Several geographic regions have been exposed by the new study as major hotspots for unsafe wastewater reuse in agriculture, raising a red flag for public health in these places. In India, for example, 8.9 mega hectares of land are irrigated downstream of cities with a high likelihood of untreated wastewater - this account for about 15 percent of India’s irrigated land. Research shows more than 80 percent of the pathogenic pollution of surface water in India has been attributed to the approximately 100 million septic tanks and 60 million latrines in urban areas, which are poorly maintained, and lack treatment facilities for the captured excreta. This results in human waste continuously finding its way into water bodies and potentially the food system.
It is clear we must step up our response to this problem, in order to reduce the risks, particularly for the poor. We recommend a dual line of response.
Reducing the risks of wastewater use for farmers and consumers in the short term requires a ‘multi-barrier’ approach, as recommended by the World Health Organization (WHO) - especially for situations where we cannot yet rely on comprehensive wastewater collection and treatment. This approach consists of a series of actions that fight contamination along the entire food chain. These include wastewater treatment (if available), but focus strongly on safe irrigation, as well as hygienic food handling and preparation. These on-farm and post-harvest actions can jointly reduce the disease burden by 70 percent, if only three out of four farmers, traders and households adopt the recommended practices.
Sadly, behaviour change needs time. This is due to a number of reasons - from lack of consumer awareness about the health threat to farmers’ limited (financial) incentives to change their practices, as well as low institutional capacities to support regulations.
Yet there also exists an opportunity to turn the entire wastewater challenge on its head - and to see this abundant resource as an asset instead of a threat. This involves focusing on the vast number of septic tanks and pit latrines which capture around 90 percent of wastewater in many low- and middle-income countries. With the right investments, the collected faecal sludge can provide us with valuable by-products, from fertiliser to power. It is estimated that the global wastewater supply could generate enough energy to provide electricity from biogas for about 130 million households. And where biogas technology faces challenges, the sludge can be easily dried and pressed into briquettes, a practice increasingly seen in East Africa. If businesses can tap into this opportunity, then overflowing septic tanks will become history and the costs of excreta treatment could be recovered through the sale of valuable products. This will provide the necessary incentives to catalyse sustainable wastewater management beyond the provision of toilets.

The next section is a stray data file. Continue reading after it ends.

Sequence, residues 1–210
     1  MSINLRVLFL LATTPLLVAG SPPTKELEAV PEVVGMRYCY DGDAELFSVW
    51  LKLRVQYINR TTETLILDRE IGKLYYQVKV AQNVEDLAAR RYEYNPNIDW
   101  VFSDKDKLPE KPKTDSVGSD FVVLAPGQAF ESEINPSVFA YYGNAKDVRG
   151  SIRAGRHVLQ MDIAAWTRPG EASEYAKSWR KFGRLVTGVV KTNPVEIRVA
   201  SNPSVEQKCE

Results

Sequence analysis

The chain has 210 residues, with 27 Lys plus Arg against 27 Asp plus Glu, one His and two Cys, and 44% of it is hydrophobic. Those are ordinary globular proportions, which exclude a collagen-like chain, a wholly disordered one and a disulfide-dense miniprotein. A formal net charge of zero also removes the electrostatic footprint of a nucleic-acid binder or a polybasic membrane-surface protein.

In Ghana, this step change is taking shape. A recently launched co-composting plant in Greater Accra will produce and market 500 tonnes of a new organic fertiliser named, Fortifer, annually, by treating 12,500 cubic metres of human waste, and 700 tonnes of other organic waste. It is a safe, odourless, nutrient-rich compost, which the plant will sell in powder and pellet forms to improve the yields of common grains, like maize and rice, as well as any other crops. Fortifer received governmental approval and will not only bring incentives into the sanitation service chain, but also combat poor soil health which remains a major barrier to farm productivity and food security in Africa.
This article has been excerpted from the article: ‘Is your food
watered by waste?’